Design as the third discipline?

Design studies and objects

In the new-realist philosophical sphere I've been following a bit lately (as an admitted outsider), not many people like the view that reality is made up of the natural world on the one hand, and the world of human experience on the other. The former would be full of facts, substances, and physical causation, which science investigates; and the latter would be full of subjective experience, ethics, justice, and politics, which the humanities investigate. Bruno Latour, for example, points out the uneasy place technological artifacts and other "hybrid objects" find in such a split, as one reason to think that the split never really existed. (The proposition that only one of these areas exists, because the other can be reduced to it, either via scientific reductionism in the one direction, or social construction in the other, is even less popular 'round these parts.)

The field of design also takes technological artifacts as a main problem of the old two-way split, but rather than using them to do away with the split, posits the artificially created world as a third field of study, sitting alongside the sciences and humanities. (Note that design in this meaning isn't exclusively aesthetic design, but includes architecture, some kinds of engineering, etc.)

One argument is that, unlike science, design has to take into account that it has choices to make: it isn't merely uncovering natural facts that already exist, but is creating artifacts. But unlike the humanities, it has to take into account that artifacts are made of real stuff, which has properties and constraints: you have to build a bridge out of stone, or steel, or wood; and sometimes that stuff revolts, and your bridge collapses.

Putting it this way still reaffirms a human/world split, setting design up as what happens at the interface, where humans make things out of stuff to serve their subjective human needs: a third approach to the same two sectors of reality, sometimes even explicitly conceived as a conversation between them. But that does open up an interesting field filled with objects being created and combined, being put in new situations, interacting with humans and with each other—and doesn't a priori rule out almost anything from the list of things that exist and can be discussed. That might actually make it a reasonably good starting point for someone of the object-oriented persuasion, even if it admittedly doesn't cover the full range of what that philosophy aims to do.

I recently ran across a quite explicit statement of this third-field view, in Nigel Cross's book Designerly Ways of Knowing (p. 18), which draws in part on late-1970s writings by Bruce Archer and others (thanks to Adam Smith for bringing this book to my attention):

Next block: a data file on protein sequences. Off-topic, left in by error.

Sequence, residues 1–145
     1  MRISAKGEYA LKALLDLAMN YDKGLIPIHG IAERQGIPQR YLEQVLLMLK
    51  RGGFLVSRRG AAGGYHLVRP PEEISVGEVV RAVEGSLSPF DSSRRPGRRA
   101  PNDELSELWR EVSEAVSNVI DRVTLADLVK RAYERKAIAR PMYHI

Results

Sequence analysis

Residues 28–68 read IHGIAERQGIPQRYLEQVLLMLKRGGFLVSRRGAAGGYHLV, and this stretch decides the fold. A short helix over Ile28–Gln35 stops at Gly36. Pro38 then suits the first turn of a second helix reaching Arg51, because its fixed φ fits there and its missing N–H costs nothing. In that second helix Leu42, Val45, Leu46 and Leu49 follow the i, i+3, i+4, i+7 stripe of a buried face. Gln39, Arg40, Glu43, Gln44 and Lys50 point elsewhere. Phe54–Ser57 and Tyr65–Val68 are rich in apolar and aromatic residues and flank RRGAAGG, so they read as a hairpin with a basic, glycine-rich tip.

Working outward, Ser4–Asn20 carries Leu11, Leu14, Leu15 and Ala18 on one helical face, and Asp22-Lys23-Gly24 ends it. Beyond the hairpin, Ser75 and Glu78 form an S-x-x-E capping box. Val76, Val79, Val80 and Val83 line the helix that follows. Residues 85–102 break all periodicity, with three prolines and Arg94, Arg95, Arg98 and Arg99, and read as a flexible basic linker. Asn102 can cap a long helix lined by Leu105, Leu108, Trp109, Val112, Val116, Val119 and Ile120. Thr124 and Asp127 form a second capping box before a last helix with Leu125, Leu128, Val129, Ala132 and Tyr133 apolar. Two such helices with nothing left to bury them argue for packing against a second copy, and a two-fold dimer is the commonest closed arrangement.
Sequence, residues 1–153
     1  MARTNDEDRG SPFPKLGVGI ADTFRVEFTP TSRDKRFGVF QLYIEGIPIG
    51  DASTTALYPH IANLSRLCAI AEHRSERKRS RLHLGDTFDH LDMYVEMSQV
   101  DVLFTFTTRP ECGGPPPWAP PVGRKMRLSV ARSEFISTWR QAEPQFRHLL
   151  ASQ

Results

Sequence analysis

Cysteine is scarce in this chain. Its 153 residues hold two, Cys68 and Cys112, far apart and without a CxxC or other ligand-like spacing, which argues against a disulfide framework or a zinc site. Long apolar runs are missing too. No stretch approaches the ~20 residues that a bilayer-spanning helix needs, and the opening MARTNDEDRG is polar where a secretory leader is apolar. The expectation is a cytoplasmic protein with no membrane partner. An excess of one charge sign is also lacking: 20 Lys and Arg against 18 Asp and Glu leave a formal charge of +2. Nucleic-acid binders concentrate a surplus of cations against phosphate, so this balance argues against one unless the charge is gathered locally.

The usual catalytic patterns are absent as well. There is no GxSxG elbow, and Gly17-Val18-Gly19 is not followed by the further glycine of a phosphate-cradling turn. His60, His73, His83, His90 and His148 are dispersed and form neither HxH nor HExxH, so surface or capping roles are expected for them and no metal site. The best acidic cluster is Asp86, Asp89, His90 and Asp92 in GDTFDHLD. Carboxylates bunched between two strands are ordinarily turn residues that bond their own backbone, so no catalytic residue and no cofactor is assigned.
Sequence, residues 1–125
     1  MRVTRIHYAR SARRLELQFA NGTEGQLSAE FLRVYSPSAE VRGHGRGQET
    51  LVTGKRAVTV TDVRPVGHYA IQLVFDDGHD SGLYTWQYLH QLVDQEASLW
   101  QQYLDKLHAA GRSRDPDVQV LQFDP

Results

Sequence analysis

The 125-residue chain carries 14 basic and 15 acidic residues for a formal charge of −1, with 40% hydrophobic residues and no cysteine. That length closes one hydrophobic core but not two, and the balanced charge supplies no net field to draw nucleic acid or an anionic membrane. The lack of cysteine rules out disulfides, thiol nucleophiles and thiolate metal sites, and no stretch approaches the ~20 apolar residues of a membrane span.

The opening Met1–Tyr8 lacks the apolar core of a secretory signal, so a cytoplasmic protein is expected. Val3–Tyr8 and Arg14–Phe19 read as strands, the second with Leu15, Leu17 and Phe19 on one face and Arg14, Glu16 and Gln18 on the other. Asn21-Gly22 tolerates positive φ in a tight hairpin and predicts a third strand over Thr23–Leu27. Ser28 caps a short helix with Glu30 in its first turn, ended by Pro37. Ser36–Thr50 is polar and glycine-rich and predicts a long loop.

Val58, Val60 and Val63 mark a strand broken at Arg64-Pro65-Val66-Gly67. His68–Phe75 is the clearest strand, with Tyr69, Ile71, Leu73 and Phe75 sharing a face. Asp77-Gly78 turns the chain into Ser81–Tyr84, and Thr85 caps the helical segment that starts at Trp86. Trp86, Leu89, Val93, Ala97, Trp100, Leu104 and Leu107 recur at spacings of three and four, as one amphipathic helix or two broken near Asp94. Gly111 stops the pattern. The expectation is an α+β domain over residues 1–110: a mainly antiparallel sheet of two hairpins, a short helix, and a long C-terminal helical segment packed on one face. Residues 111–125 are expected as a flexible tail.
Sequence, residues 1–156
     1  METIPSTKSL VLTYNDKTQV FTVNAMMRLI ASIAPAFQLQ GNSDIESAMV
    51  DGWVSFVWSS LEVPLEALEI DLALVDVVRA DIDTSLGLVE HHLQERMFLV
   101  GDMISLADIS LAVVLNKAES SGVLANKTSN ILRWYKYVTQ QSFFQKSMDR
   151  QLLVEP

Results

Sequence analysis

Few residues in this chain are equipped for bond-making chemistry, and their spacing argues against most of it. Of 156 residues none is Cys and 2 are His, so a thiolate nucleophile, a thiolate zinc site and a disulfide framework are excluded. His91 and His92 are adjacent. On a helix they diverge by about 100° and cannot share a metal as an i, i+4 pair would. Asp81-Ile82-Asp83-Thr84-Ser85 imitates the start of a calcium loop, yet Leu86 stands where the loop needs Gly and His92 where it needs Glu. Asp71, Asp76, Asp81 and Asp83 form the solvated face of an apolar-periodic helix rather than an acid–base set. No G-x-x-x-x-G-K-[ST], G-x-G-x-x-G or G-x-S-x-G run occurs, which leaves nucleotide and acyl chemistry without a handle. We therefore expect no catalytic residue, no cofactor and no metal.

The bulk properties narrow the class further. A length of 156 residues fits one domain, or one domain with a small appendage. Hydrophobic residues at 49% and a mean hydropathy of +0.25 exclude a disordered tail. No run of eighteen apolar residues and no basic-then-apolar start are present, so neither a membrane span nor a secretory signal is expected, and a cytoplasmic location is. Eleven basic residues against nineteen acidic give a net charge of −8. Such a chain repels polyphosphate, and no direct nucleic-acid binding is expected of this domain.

If we contrast the sciences, the humanities, and design under each aspect, we may become clearer of what we mean by design, and what is particular to it.

The phenomenon of study in each culture is

The appropriate methods in each culture are

The values of each culture are

Read from the perspective of someone interested in realist trends in the humanities, this might seem like a bit of a provocation. I get the impression that Cross intends it to be a fair summary, though, not an attack on either the sciences or the humanities. It's probably not an unfair summary of a large part of each field, either: the stuff listed under design is something science and the humanities mostly really don't do.

Those with an interest in A.N. Whitehead may find it interesting that Cross cites Whitehead as a precursor and inspiration, quoting Whitehead's essay "Technical Education and Its Relation to Science and Literature" (1917; collected in Aims of Education) for its three-approaches-to-knowledge view:

There are three main roads along which we can proceed with good hope of advancing towards the best balance of intellect and character: these are the way of literary culture, the way of scientific culture, the way of technical culture.

Whitehead's main interest here is elevating the status of technical education (in which he includes crafts, machine-shop work, engineering, invention, etc.) to a top-level kind of education as important as literary or scientific education, rather than merely, as some would have it, "a maimed alternative to the perfect Platonic culture … a defective training unfortunately made necessary by cramped conditions of life". He particularly likes its propensity for banging thought up against materials: by having students design and build things, "technical education gives theory, and a shrewd insight as to where theory fails".


Responses: Ian Bogost wonders why design, rather than engineering or craft, should be the third discipline dealing with the artificial world. In the comments there, Tim Morton points out that aesthetics was traditionally a third field; and Carl DiSalvo points to Herbert Simon's The Sciences of the Artificial, as well as several journal articles by Richard Buchanan, for further discussion of design's role as a third field. Elsewhere, Robert Jackson draws an interesting connection to the work of Bernard Stiegler (which I haven't read) on technics, which focuses on the "organised inorganic matter" of the artificial world as a mode of existence that's neither nature nor culture. Jackson also discusses the role art might play, since it's also, at times, been seen as the third discipline.